Some say to cut them on all sides and the bottom and then stick them into a new pot.

    Others say to cut them back and to cut the canopy back too for very good reason.

    Others just leave the tree in the pot and saw out the sides of the roots and just fill with fresh soil.

    So if I were you, I would either talk to a Bonsai specialist or a garderner who knows how to do root work and make it worth my while. The container forums has those types of people there and will teach you much))

    Also too, some who have been very successful with keeping large trees in containers like Brian, would be very helpful. He has the right touch! I am still learning the whole root pruning thing but very important to the over all health of any tree in a pot eventually.


  • Mark Leblanc

    The tree has stayed indoors for over 10 years now. It looks on average like this year round. It will go through major drops and major re grows in cycles so its state like this is a death alarm for me cause this has seemed to be normal.

    I think by this point and size its pretty safe to say the thing is seriously root bound. I definitely want it in a bigger pot because of its size and the root system would need something much bigger than what I got.

    Do you cut you trees roots often? I havent heard of something like that being a maintenance type technique that gets done frequently. Seems quite time consuming if its more than a one or a few times thing?
  • Denise Becker

    You can practically find any size pot you need online. Maybe some of our Canadian members can recommend a source.

    I have root pruned many of my trees last spring and all I did was cut 2-4" off the bottom and sides. I chose a larger pot and added fresh soil while leaving the original soil and rootball alone. Root pruning can be done as often as you need to have it done. I would assume at least after every 2 years.

  • bklyn citrus (zone 7B)

    Whether its Citrus, or its a pear/plumb/peach/ whatever you grow - wherever you grow it, If you keep shrubs or trees in pots, you will have to either up the pot size and/or root prune every so often (dependent on vigor, I usually get 3 years or more) or the tree will kill itself. That's the deal. Your WAY OVERDUE. For convenience sake, weather permitting, I'd pull it all out and take some of it back and certainly prune back the canopy to match. Since its now borne fruit, you may want to consider taking a cutting.

  • Mark Leblanc
    I suppose maybe i should should look harder online. Ive searched before but none of the pots really fit in with my house. Not to say that this crumbly clay look alike one does either though lol. but if there are any recommendations for site to search id love to check them out thank you!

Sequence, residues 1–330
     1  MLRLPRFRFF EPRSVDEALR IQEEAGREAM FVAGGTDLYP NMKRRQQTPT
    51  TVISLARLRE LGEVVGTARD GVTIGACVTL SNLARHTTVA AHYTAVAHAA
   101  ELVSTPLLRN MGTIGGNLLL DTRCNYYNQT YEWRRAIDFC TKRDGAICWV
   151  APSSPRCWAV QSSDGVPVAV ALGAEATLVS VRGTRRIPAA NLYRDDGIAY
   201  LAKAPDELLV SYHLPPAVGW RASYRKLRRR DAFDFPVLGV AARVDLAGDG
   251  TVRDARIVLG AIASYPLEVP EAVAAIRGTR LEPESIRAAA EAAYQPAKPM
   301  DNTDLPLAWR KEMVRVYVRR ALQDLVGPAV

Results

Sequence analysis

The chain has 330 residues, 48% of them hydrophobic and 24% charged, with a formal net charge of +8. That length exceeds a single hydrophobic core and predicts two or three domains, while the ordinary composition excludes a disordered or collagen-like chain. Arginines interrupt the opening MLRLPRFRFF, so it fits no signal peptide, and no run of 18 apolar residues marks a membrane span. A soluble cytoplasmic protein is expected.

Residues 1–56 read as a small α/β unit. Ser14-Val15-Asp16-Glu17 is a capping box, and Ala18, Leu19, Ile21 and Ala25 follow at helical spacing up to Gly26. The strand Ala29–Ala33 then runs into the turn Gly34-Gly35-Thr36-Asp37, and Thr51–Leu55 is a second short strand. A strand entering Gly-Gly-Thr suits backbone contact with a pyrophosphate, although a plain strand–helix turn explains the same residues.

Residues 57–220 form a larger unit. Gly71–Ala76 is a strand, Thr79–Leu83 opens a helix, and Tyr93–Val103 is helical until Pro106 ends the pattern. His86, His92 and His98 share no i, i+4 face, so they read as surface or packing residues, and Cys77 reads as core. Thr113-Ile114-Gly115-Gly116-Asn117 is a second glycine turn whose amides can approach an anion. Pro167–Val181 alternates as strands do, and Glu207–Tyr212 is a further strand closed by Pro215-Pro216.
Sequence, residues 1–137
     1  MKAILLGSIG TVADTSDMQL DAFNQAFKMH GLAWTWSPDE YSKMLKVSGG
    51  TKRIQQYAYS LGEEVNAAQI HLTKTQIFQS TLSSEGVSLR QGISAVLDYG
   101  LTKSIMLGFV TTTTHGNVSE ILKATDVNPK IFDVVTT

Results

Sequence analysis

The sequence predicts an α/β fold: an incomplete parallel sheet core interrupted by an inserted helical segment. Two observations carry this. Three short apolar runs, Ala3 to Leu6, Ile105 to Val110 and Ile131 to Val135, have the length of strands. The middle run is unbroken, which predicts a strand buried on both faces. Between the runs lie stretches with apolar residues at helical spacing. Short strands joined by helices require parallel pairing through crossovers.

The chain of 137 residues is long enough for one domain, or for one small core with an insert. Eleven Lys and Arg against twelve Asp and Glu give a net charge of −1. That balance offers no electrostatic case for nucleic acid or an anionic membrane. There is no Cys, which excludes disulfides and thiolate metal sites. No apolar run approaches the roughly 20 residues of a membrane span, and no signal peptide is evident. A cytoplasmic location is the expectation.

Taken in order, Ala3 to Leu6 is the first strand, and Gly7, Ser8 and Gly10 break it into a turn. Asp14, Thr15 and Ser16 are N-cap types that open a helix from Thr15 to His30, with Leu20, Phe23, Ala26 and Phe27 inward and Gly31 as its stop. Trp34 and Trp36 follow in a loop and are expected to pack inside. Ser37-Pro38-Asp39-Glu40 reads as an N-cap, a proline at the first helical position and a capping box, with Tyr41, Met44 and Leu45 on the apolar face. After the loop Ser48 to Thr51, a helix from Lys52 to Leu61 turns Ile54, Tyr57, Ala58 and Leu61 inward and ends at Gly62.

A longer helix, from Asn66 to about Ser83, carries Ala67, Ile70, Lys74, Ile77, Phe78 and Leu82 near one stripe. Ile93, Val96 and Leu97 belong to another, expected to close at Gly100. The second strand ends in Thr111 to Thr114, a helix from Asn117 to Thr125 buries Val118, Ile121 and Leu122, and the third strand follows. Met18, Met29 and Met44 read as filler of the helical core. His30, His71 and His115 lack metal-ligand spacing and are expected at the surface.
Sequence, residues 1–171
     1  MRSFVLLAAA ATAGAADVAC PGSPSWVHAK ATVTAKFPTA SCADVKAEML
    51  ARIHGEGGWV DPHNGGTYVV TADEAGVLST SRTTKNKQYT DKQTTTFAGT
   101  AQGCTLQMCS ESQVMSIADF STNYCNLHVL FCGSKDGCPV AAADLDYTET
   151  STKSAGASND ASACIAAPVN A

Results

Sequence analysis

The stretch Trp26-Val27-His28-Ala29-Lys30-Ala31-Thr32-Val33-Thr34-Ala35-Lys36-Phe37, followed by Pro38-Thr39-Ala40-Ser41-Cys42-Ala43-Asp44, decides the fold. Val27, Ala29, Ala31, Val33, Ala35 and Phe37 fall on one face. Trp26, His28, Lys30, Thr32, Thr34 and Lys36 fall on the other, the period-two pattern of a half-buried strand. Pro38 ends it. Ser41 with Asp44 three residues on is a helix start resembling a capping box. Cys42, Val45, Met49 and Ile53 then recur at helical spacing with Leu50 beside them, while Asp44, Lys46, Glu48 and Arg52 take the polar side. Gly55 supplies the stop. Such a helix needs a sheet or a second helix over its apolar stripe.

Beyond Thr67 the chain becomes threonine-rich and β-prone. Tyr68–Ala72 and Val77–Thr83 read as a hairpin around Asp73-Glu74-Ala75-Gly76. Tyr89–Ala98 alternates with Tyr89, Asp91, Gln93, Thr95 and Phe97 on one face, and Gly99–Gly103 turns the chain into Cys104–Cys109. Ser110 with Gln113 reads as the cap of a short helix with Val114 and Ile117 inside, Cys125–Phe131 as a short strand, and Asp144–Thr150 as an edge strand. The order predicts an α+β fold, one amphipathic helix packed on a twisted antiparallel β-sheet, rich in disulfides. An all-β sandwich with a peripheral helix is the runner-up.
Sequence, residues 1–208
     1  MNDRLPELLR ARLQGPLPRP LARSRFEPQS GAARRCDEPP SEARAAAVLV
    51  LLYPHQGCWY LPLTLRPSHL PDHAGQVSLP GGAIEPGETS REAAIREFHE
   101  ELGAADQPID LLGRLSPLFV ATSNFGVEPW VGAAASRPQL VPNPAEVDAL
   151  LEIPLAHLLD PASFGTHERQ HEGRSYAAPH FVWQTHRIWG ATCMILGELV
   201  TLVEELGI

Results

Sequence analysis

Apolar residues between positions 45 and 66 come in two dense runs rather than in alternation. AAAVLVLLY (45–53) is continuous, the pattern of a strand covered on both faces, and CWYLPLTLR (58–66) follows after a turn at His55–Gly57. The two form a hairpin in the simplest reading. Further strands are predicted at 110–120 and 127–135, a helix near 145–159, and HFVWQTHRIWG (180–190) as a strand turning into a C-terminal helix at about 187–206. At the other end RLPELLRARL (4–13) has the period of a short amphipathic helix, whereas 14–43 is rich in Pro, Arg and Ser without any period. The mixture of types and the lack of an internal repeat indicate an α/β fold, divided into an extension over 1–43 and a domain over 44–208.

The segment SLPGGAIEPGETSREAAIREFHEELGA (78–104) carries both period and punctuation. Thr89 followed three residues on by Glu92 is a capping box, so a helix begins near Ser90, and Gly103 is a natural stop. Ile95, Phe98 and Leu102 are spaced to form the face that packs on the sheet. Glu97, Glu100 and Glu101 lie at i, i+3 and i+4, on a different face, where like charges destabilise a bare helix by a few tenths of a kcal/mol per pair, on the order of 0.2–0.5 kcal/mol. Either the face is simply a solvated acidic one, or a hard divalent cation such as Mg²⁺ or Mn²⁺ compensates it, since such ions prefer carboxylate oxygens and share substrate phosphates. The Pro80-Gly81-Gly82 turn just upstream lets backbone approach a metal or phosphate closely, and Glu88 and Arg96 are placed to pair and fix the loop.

zone 7,
    Most likely will wait for the fruit to finish unless I can get a few hands to help break the pot around it and carefully re pot. But sounds like I will work on getting a bigger pot first off and then getting my new mix ready for the re pot.

    Root cutting sounds like a good idea to help re pot the tree. Kind of like when you break apart the root ball planting spring flower I guess except a bit more delicate in this case!

    Didnt realize cutting the roots around the sides was something people frequently did for their indoor trees. I will have to read up some to educate myself with that subject.

    Now, suggestions for my new pot soil mix?
    All Ive known is a 1 part sand to 1 part soil for good drainage.
  • myermike_1micha

    Root pruning is a MUST if you want a tree with good vitality just as important as feeding it and pruning the top. Imagibe if you never cut back your toe nails kept in shoes for the most part? What everyone is saying is right and very important.

    I do root prune some of my smaller trees but I have yet to root prune mine the way Bonsai experts due. I do what many do here, basically cut them back and re pot. I know there are others that literally clean all the roots off and cut out the ones gurgling the other and the ones that only support the tree, not the ones that take up nourishment. I mean a hard prune which I still fear, lol I just want to make sure I do it right so I keep reading up on it.

    I do know that if it were my tree, I would take off all the fruit, clean the tree up, cut in back a bit and give it good sunlight and make sure the soil is not working against you. Any severe cutting back of roots or pruning if it were my tree would be at the start of summer when it's been outside for a while and actively growing, healthier to take on such work.

    Potting mix?

    Anything porous that will allow good drainage, but that would mean doing almost a bare root to keep the mix equal throughout the root ball, not keeping two differentbtypes of mixes in your pot. Not good.

    If you say this tree looks like this every year, why can't you wait until a better time to do such extreme work like late spring into summer and just clean it up, watch your watering practices and keep it at least happy?